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Early Navigation and Trade in the Indian Ocean (Ravenna, Italy 4-7 July 2002)
Is.I.A.O. (Istituto Italiano per l'Africa e l'Oriente), UniversitÓ di Bologna - Sede di Ravenna
Dipartimento di Archeologia dell'UniversitÓ di Bologna and Fondazione Flaminia

THE BEAD TRADE IN THE INDIAN OCEAN, WITH SPECIAL REFERENCE
TO BERENIKE, EGYPT
(Part One of Three)

Pete Francis

 Beads make ideal trade items because they are highly portable and treasured where they are imported. To our advantage, many are made of durable materials and last into the archaeological record. They are, for example, the oldest known form of art.

From the beginning, I will tell you what many of you already know. I am something of an evangelist for beads. I believe their scientific, humanistic study can teach us much about the past. In this short time, I want to show you some examples of that.

In terms of beads, Berenike, Egypt, principally traded with India. From the third century B.C. through the second century A.D. the trade was mostly with South India. The garnets (left) and quartz (right) stone beads look like they came from Arikamedu or perhaps Kodumanal in the south. The small, drawn (cut from a tube) Indo-Pacific glass beads also look like they were coming from there.

Indo-Pacific beads were not very numerous in those centuries, making up only about four percent of the beads excavated. However, after the hiatus of the third century, they become very important, making up some 40% of the beads on the site. They were not from Arikamedu.

We do not have them analyzed yet, but the colors make it quite clear that they were coming from Mantai, at the northern end of Sri Lanka.

Arikamedu did not make orange glass beads (see left). Mantai did (right)
and also made an unusual green-blue glass, unlike that of Arikamedu or other
 Indo-Pacific beadmaking site.

What happened? In the first and second centuries, the principal South Indian port was Muziris, on the Malabar Coast. Muziris was mentioned in the Periplus of the Erythraean Sea, in Ptolemy's Geography, and is prominent on the Peutinger Table. It is also celebrated in the Tamil-language Sangam poetry. Yet, no one has ever identified it.

Left: a section of the map of India drawn after Ptolomy's Geographia. Muziris empo-rium is clearly more important than neighboring towns.
As it was an "emporium," Roman merchants lived there for some time.

The Sangam poems never describe large buildings at Muziris, only its role as a port. Neither Muziris nor Westerners are mentioned after the first century. The "Augustinian Temple" on the Peutinger Table is, in my opinion, a mishearing of a temple to Agastya, the Patron Saint of South India.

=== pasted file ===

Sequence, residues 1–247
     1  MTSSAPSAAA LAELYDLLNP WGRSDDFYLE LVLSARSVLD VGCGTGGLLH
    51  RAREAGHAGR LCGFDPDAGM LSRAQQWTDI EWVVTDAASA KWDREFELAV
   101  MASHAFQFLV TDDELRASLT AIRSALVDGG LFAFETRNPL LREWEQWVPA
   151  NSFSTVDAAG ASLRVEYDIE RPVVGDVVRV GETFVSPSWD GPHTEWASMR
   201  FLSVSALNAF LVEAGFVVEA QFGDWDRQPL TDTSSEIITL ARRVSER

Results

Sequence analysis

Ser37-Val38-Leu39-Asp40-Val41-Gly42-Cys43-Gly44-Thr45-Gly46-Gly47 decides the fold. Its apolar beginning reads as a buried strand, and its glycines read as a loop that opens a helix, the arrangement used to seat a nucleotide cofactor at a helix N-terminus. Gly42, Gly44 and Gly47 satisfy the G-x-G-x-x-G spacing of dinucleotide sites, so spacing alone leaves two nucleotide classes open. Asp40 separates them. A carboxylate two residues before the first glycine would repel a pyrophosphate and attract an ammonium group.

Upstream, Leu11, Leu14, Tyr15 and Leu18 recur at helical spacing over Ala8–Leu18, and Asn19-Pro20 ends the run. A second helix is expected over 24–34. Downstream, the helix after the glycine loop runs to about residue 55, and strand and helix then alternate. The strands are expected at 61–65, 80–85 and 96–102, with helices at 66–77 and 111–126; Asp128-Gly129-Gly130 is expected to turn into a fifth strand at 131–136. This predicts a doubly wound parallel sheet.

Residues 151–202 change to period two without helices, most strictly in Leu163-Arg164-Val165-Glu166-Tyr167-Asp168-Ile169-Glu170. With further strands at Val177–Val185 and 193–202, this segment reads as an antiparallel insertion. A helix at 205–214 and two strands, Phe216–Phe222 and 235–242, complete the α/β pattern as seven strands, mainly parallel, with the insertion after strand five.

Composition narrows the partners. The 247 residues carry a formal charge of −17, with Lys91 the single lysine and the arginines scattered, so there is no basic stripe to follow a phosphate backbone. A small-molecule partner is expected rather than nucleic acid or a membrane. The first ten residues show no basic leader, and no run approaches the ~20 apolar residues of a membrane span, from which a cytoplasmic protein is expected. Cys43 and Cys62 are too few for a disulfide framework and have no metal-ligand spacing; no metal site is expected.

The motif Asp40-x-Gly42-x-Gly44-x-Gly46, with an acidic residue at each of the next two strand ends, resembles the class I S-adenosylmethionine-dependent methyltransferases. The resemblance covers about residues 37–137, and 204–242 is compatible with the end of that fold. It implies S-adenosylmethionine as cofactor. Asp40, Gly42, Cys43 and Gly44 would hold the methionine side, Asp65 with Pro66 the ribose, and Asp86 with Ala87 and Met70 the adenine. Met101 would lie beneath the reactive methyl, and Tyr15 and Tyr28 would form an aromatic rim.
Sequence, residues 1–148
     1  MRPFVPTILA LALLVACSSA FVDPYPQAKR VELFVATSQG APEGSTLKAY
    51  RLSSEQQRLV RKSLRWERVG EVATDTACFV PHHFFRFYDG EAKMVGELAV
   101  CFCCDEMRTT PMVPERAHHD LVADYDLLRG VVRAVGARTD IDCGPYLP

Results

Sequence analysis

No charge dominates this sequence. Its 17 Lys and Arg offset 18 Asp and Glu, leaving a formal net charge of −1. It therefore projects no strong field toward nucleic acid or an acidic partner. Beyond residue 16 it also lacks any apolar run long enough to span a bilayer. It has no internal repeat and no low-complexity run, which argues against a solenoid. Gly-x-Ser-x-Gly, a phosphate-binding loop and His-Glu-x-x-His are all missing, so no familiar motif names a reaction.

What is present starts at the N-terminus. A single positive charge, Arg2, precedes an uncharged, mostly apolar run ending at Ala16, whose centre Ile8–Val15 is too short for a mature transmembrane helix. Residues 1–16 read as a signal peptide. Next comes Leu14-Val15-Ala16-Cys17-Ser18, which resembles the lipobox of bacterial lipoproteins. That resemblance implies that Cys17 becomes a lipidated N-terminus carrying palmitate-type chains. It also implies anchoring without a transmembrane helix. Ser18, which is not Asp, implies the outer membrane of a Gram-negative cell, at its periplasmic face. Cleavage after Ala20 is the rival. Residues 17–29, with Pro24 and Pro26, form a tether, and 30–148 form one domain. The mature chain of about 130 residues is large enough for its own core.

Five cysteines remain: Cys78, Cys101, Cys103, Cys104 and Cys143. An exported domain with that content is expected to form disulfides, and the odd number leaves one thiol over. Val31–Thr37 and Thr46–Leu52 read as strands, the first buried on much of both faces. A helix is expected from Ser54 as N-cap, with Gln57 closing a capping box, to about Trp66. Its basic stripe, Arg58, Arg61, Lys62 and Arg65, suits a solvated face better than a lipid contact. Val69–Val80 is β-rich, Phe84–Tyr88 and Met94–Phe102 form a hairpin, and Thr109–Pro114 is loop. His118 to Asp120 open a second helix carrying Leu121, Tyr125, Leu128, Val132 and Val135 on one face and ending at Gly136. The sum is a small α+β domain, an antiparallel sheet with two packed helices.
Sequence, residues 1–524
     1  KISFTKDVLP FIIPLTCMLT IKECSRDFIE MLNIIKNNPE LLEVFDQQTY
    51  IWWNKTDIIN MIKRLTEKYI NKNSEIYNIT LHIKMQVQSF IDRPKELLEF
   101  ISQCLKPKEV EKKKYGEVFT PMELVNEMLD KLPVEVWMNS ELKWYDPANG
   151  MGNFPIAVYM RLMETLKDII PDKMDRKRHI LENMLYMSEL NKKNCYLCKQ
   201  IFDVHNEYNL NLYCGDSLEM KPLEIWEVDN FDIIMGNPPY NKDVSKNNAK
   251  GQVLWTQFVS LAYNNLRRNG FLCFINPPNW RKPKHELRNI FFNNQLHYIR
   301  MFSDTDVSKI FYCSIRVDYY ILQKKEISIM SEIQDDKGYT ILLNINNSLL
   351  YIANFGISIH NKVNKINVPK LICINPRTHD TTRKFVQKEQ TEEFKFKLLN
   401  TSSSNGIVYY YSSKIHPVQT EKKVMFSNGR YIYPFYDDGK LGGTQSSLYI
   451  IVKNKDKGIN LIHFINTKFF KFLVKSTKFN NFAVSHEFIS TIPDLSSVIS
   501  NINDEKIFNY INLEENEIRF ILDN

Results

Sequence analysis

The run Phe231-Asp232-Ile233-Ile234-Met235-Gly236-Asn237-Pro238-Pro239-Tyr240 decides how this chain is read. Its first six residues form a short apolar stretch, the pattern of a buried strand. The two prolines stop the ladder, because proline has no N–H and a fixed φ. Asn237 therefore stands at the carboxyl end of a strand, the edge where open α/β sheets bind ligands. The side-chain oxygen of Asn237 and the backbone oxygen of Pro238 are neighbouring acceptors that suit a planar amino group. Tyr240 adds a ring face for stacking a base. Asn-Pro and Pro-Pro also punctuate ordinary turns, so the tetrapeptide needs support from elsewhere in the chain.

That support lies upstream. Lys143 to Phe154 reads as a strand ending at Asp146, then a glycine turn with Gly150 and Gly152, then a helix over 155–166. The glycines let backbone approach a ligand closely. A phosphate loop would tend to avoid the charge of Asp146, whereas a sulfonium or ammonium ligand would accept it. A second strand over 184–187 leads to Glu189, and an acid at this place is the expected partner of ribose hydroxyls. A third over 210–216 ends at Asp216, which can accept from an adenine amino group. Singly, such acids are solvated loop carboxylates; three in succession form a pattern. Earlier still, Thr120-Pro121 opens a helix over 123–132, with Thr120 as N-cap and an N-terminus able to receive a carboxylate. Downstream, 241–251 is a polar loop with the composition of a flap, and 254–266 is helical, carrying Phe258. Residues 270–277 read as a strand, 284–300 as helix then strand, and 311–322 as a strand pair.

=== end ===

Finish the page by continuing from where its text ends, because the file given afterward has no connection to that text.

Right: section of the Peutinger Table,
perhaps a fifth century copy of a third century copy of a first century map.


    Map of South India. It appears that raw materials for stone and glass beadmakers came from an area just off the northwest corner of the map and from around Kodumanal (on the Noyil River) to Arikamedu (west coast) and Kodumanal. Their beads passed through the Palghat Gap and down river to Muziris for export to the Roman West. A maritime route, involving Mantai, Sri Lanka, may also have been used.

The Sangam poets put Muziris on the Periyar River (see map). But "periyar" just means
"big river." There were several "Periyar Rivers" in Sangam times and the Periyar of today may well not be the Periyar of the past, especially along the shifting Malabar Coast
(Francis 2002: 119-120).

It seems likely that Muziris was a small fishing village with a temporarily good port down-stream from the Palghat Gap, one of the few places where one can cross the Western Ghat mountain range. Just over the gap is the lapidary-jewelry site of Kodumanal, very close to the source of beryl and other gems, as well as pepper and cardamom-growing regions. Arikamedu probably sent its gemstone and glass beads in this direction, as well
 (Francis 2002: 121-122).

The Romans found it a good place to trade, but after the Romans left, it fell back to sleep. When the Romans returned a century later, there was not much there and they kept on going until the reached the bustling port of Mantai. As confirmation of this, Roman coins are very scarce in Sri Lanka until the fourth century, when they appear in large quantities
 (Weerakkody 1997: 163-154).

The case of the mysterious Muziris is an example of what we can learn when
we incorporate bead evidence into our understanding of trading networks.
Many other things can be learned as well.

Part Two: Beads and the Demographics of Berenike

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